Commitment to Community speaker exposes the impact of biased technology in address.
Dr. Sofiya Noble, this year’s Commitment to Community (C2C) speaker, showed an audience of Hamline students, staff and faculty how search engines lie during her keynote address, last Thursday night. C2C is an annual event that began in 1996 by Hamline students and is dedicated to starting conversations about equity, inclusion and social justice on campus.
Addressing a packed audience of primarily first-years from the Hamline Church United Methodist, Noble, an assistant professor at the University of Southern California, shared how a 2010 keyword search for “black girls” sparked eight years of writing and research into how technology intersects with bias and social injustice.
The results of her search, she said, were overwhelmingly pornographic and sexual in nature.
“The question to me was why I didn’t have to add the word sex or the word porn,” Noble said.
Those identities, she said, were “synonymous with porn” according to the algorithms being used.
Those findings launched Noble’s study of how algorithms propagated stereotypes of racism and sexism, which led to the recent publication of her book, Algorithms of Oppression: How Search Engines Reinforce Racism and the topic of her speech on Thursday night. The speech was also live-streamed to Anderson Center where more first-year classes were gathered to watch.
A key finding of Noble’s research was that most users assume search engines and algorithms give a “credible and fair representation” and are “fact givers” and “arbiters of knowledge.”
One reason for this trust is that search engines deliver accurate results for everyday, mundane issues, like finding out when restaurants and stores open. However, the accuracy of algorithms is more murky when addressing complex issues like race, sexual identity and bias, partly because Google is not a truly democratic provider of information.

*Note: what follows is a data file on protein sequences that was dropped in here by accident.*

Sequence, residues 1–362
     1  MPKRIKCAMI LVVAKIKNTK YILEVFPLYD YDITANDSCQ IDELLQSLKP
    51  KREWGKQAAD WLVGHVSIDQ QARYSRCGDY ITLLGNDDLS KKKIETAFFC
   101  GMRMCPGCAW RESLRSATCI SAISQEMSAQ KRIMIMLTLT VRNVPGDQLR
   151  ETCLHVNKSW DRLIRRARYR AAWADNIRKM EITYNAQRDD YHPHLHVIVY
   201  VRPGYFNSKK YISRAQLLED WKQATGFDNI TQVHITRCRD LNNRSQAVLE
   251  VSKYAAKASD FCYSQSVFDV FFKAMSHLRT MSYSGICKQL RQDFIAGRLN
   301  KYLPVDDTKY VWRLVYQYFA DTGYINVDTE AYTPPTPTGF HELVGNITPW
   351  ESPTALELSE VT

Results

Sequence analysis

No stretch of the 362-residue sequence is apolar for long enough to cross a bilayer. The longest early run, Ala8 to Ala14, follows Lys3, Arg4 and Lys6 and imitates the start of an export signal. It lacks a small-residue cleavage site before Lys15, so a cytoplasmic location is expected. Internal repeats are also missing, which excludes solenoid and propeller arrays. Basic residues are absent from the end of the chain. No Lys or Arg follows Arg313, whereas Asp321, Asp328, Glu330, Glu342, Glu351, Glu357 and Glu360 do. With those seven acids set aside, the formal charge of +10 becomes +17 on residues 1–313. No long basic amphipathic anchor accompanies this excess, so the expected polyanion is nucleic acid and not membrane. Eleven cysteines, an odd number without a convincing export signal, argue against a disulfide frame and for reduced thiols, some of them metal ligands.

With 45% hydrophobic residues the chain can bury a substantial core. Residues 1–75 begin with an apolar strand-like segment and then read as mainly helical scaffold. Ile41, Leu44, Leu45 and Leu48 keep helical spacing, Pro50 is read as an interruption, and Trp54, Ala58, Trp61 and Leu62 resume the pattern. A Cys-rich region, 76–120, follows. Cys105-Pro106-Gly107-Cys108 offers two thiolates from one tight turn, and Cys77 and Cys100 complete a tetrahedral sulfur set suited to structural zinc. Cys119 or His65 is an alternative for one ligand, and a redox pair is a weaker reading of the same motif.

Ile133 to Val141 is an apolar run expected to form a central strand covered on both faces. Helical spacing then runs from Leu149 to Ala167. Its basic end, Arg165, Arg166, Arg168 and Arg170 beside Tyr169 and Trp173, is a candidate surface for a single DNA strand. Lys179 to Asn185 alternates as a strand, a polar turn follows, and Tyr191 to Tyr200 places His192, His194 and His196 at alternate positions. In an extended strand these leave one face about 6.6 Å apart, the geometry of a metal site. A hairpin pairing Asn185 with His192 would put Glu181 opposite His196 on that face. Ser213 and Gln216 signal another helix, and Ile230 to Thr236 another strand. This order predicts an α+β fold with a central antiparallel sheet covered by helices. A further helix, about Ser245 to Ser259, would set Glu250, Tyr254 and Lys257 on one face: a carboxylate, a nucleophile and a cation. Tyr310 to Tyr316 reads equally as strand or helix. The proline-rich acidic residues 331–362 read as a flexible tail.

Instead, screening of content and ad buys or keyword optimization manipulate results and push information with a particular agenda to the top.
“There’s a host of values being demonstrated in what is screened and what is not,” Noble said. “If you take one thing away from my talk, it’s that Google is an advertising platform, not the library.”
In the Q&A session following her speech, Noble told students “you can’t do anything now, today” and instead encouraged them to use their vote and political mobilization to critique algorithmic bias.
She pointed to past, highly publicized incidents of biased results, including dramatic differences in the results of searches like “three teenagers” when the word “black” or “white” was introduced. Other examples included search results linking racial slurs against blacks to the White House during Barack Obama’s presidency.
Responses from companies like Google, she said, treated those incidents as a “glitch in the system that otherwise works perfectly.”
Noble asked students to question whether society should put so much trust in algorithms’ ability to screen or curate information in a fairly representative way. She said her goal is to provoke thinking of algorithms as more than “just math” or an objective tool for refining information.
“These are issues of our making and if anything, the technology we use will only increase those,” Noble said.
Responding to another student who asked how future coders could help prevent the creation of biased algorithms, Noble also emphasized the importance of a multidisciplinary education.
“You have to couple your computer studies with social issues,” Noble said. “You can’t design technology for society if you don’t know society.”
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